On Monday, 15 Clippers advertisers said they have terminated or suspended their sponsorship, although most expressed their continued support for the team's players, coaches and fans.
Announcing their departure were CarMax, State Farm, Kia, Virgin America, Red Bull, Mercedes-Benz, LoanMart, Southern California Ford Dealers, Yokohama Tire, Burger King, Sprint, Samsung, the Commerce Hotel & Casino, the Santa Ynez Band of Chumash Indians and the company that makes Corona beer.
The flight of carmaker KIA and insurance giant State Farm were particularly noteworthy because the companies employ as spokesmen two of the team's stars — Blake Griffin and Chris Paul. Both companies said their ad campaigns would continue to feature the two Clippers.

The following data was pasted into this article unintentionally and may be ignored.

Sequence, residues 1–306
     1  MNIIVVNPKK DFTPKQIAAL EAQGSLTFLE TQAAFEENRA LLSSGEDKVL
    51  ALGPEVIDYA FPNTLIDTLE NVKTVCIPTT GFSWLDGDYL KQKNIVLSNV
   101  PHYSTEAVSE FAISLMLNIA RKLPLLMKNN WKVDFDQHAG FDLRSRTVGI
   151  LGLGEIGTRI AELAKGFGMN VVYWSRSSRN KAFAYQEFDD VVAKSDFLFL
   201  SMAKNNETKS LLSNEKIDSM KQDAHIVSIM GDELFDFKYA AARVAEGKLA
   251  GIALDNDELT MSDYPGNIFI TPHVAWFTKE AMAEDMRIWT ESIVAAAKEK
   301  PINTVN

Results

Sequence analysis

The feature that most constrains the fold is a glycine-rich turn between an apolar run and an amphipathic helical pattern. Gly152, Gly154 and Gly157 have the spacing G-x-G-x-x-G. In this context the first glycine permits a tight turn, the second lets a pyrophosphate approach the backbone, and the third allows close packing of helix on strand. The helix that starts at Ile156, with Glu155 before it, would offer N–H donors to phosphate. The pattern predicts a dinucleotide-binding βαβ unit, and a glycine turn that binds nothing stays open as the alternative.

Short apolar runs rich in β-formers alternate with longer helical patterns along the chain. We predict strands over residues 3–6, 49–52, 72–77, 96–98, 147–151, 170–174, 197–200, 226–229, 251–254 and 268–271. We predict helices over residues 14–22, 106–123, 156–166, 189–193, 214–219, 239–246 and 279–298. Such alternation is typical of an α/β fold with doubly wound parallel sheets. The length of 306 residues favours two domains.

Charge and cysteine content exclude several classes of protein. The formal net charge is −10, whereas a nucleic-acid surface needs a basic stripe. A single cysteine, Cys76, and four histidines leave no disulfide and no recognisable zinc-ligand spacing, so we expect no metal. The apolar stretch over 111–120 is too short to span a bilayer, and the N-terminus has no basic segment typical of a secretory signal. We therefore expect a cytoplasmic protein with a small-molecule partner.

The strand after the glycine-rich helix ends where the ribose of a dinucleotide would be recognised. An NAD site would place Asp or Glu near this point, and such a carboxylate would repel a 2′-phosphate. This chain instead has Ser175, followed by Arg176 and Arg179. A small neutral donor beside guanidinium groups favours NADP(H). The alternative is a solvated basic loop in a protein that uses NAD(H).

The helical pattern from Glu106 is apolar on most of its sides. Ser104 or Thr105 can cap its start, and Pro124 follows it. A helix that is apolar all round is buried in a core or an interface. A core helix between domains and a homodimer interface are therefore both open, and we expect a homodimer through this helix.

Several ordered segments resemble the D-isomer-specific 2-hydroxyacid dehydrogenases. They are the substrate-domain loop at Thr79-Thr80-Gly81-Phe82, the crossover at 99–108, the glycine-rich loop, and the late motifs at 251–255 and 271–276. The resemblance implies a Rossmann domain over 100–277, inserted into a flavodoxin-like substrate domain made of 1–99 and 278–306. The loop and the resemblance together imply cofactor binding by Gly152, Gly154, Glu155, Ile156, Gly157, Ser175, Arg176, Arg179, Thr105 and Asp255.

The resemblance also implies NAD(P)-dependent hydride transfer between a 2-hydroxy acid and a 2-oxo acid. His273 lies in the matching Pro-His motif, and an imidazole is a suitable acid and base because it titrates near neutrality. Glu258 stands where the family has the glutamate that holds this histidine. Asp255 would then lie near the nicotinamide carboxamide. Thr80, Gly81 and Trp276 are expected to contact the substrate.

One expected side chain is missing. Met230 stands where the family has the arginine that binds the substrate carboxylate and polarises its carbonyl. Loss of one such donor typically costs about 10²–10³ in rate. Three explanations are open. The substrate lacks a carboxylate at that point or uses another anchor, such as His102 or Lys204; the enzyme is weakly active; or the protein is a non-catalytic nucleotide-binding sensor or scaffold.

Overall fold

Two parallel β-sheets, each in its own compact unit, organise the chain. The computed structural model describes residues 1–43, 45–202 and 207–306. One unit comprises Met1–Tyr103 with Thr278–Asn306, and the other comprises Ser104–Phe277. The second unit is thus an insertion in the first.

Garcetti said he welcomed a change in ownership and said that in the short run, at a minimum, the league should suspend Sterling for the remainder of the playoffs. Garcetti called the owner's comments unacceptable in a city of great diversity, where many people came because they were "escaping prejudice, racism, discrimination."
The NBA's bylaws allow for owners to be expelled from the league, though that power is reserved for limited circumstances, such as the inability to operate financially, gambling on league games or fixing games, said Gabe Feldman, director of the Sports Law Program at Tulane University.
A more likely route for Silver lies within Article 35 of the NBA Constitution, which allows the commissioner to indefinitely suspend owners for "conduct prejudicial or detrimental to the association."
Team ownership is a privilege, not a right, and damage done to the cartel of teams and owners — such as the loss of advertising and sponsorships — could be cited as the first evidence of harm to the NBA, said Irwin Raij, a sports business attorney with Foley & Lardner in New York.